The Improvement Journey

Bob Schultek Author of
The Gauntlet

Every innovation or improvement effort begins by defining the problem.

In addition to describing it, this definition should answer a few questions: How serious is it? How urgent is it? How costly will it be to resolve?

While soliciting stakeholders to collaborate in resolving the problem, it’s important to confirm that everyone agrees that there is a problem, and that it’s solvable. Some may see the problem as a condition that cannot be resolved, that it must be accepted as is. And among this group will be those who support the status quo.

Depending on the gravity and urgency of the challenge, those representing this position will passionately argue that any variation from the current process is too risky, expensive or disruptive to consider. They will argue for more analysis and emphasize the pain that will result from trying to make things better.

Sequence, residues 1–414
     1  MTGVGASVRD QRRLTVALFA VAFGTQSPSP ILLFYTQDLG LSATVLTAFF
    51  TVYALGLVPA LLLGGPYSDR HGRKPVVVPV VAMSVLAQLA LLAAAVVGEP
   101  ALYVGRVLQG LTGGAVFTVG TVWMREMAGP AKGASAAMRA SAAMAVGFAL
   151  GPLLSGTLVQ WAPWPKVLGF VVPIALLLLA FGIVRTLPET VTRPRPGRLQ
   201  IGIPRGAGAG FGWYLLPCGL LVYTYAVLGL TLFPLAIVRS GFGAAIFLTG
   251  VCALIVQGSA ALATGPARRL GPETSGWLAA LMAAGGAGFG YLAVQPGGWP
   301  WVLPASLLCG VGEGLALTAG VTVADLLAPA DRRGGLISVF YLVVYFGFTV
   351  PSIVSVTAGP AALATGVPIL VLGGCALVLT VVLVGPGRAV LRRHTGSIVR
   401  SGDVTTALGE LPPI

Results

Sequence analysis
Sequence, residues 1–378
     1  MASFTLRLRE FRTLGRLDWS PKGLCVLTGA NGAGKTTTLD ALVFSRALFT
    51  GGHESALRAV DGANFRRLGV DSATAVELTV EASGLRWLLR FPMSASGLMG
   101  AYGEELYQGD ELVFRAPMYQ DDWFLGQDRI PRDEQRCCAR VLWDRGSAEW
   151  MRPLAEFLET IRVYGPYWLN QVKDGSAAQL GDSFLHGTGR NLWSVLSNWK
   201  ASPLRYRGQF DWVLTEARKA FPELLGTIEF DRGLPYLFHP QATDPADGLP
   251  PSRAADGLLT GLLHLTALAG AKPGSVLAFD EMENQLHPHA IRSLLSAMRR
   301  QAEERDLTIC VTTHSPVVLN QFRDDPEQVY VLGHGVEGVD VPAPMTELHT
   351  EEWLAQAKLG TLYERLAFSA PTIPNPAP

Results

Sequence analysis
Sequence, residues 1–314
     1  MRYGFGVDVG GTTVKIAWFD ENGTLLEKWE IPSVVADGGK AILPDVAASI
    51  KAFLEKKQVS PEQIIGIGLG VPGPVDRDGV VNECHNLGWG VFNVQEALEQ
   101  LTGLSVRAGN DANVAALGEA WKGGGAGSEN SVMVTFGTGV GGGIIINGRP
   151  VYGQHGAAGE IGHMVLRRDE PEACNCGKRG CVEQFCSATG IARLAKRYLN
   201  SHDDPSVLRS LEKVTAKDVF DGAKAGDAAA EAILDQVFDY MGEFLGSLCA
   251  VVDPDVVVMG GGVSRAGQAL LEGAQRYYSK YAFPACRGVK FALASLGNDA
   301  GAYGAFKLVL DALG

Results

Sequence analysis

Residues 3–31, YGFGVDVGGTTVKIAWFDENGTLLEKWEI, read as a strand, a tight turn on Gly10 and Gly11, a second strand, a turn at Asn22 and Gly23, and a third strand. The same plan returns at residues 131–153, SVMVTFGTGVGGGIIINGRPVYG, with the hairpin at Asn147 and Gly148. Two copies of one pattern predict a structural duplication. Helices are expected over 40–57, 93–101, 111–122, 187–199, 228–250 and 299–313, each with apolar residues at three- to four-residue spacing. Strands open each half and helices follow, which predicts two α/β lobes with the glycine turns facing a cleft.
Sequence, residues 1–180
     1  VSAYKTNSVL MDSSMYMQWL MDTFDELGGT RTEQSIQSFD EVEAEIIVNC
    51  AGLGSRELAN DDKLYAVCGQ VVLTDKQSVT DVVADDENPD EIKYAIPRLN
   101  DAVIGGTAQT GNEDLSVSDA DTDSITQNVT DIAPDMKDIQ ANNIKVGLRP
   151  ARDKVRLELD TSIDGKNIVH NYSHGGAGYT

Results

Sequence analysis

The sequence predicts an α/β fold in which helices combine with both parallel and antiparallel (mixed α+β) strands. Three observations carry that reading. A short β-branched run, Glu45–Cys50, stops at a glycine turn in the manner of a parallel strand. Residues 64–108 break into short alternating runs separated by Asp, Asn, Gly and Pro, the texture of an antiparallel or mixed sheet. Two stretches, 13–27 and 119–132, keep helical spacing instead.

To avoid this scenario of having to justify every decision or address every inconvenience, once it is agreed that an opportunity exists to improve, challenge each collaborator to craft a simple resolution concept, or accept responsibility for not addressing the problem. As each idea is assessed, consider possible outcomes by asking: “Why will that work?” and “How will it work?”

This discussion of ideas will result in choices to be made. There should be a thorough and robust analysis of the proposed alternatives so that the best solution can emerge, enabling the team to commit and be accountable for implementing it.

As one path forward is chosen over others, some collaborators may become nervous or frustrated, concerned that they may be committing to the wrong remedy. To overcome this fear, focus on removing constraints to generate progress; resolving these is the purpose of the project. Without constraints, there’s no reason for pursuing the innovation or improvement. Seeing them as milestones in your remedial journey towards the targeted outcome validates that the most effective resolution has been chosen. Removing constraints confirms that you’re making something better.

What is your process for pursuing innovation and improvement?

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